Free Saibaba Now

The best way to stop me was to throw me in jail, says DU Prof G . N .Saibaba

GN_SAIBABA_2463176gAfter a 14-month imprisonment at the Central Jail in Nagpur, G.N. Saibaba, a wheelchair-bound Professor of English at Delhi University accused of having Maoist links, is settling back in his house on the varsity campus.
Last Friday, the Mumbai High Court granted him bail for three months, so that he could consult doctors for several ailments. The court’s ruling followed a suo motu litigation based on an e-mail to the Chief Justice by activist Purnima Upadhyay citing a news report in The Hindu that described how Professor Saibaba’s health was deteriorating in the prison.Professor Saibaba sat in a small room of his house decorated with bookracks and old calendars. Months of separation from his family has left him slightly disoriented. He feels something is missing at home.
“I guess the liveliness in the family is gone,” he told The Hindu. “It’s been a traumatic experience for all of us. I don’t know how long it will take us to be happy again.”
Though he is facing charges of being affiliated with the outlawed Maoist leaders, he comes across as a man who has a firm faith in democracy.
SAIBABA_QUOTEIn the early 1990s, he started off as a pro-reservation activist, standing against the forces that attempted to scrap the reservation policy for disadvantaged lower-caste Indians. By mid-1990s, he was campaigning against the Andhra Pradesh Police for what he called “encounter killings” of innocents and Naxalites. Most of his peers, he said, were assassinated by unknown assailants, who, he believes, were state-sponsored hit men. “I lost 10 activist friends in a span of 10 years,” he said. “Their fault was that they criticised the killings of Naxalites and claimed their bodies so that they could give them a funeral. That didn’t go down well with the government.”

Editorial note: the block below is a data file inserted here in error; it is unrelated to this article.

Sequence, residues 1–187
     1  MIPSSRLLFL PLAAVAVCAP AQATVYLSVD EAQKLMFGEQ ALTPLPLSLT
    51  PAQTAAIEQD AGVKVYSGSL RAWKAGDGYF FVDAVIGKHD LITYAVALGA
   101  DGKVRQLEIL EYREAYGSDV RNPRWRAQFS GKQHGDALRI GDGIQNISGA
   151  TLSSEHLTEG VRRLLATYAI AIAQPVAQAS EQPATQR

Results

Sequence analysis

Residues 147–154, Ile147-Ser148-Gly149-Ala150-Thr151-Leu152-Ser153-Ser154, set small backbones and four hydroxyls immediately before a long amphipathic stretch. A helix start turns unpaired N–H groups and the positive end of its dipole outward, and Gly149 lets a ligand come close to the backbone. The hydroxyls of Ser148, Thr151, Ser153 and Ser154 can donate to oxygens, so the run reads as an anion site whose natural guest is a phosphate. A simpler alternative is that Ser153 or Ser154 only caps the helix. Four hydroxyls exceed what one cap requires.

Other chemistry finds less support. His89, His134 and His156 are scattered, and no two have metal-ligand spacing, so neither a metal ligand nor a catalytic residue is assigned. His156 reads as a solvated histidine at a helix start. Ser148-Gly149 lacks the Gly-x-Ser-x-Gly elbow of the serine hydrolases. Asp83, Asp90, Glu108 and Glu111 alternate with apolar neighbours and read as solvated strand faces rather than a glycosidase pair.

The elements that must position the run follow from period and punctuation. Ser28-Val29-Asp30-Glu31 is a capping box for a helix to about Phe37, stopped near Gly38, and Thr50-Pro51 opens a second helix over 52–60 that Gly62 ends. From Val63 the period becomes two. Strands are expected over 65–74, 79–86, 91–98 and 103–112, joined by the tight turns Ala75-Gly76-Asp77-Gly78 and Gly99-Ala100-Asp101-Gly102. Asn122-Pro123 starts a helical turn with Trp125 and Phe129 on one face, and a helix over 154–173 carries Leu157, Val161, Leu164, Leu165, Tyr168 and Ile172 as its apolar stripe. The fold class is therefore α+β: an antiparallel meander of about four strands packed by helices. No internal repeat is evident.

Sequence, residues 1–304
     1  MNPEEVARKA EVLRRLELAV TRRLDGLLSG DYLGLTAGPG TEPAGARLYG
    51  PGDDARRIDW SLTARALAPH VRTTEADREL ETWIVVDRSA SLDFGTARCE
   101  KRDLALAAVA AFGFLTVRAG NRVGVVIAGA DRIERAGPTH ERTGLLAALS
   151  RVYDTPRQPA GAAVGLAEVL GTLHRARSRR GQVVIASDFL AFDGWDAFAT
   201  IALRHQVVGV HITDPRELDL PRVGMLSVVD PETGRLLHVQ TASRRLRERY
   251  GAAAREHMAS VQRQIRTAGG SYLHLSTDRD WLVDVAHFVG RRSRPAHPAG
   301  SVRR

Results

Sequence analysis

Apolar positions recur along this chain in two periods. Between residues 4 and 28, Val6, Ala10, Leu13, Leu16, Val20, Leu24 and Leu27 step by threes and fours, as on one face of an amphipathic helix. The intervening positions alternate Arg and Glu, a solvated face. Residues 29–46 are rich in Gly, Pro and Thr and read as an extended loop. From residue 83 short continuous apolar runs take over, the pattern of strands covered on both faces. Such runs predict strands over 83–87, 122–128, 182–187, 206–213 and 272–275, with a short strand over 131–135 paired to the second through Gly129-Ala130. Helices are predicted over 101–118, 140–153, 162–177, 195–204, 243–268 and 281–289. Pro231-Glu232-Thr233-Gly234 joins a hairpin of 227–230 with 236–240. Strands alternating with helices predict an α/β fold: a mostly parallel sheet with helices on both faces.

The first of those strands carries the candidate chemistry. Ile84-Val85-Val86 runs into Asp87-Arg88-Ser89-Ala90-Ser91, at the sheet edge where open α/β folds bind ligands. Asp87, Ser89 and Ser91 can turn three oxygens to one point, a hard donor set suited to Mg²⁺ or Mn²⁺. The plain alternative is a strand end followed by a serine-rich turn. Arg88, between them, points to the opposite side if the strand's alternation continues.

After he moved to Delhi, he coordinated a campaign against the military offensive in tribal areas, which hurt investment badly. He said the authorities decided that “the best way to stop me was to throw me in jail.”

‘Green Hunt aimed to dislodge tribal people’
In the early 2000s, Dr. Saibaba moved to Delhi to teach English literature at Ramlal Anand College, Delhi University. It was not the fear for life that forced him to leave Andhra Pradesh and migrate to Delhi.
He grew disillusioned with the coursework, which he taught as an adjunct lecturer in a local college for over a decade.
In September 2009, the Congress government launched Operation Green Hunt, a military offensive aimed at flushing out Maoist rebels from across the tribal belt of India. By then, Professor Saibaba’s activism had taken him across the central Indian tribal belt.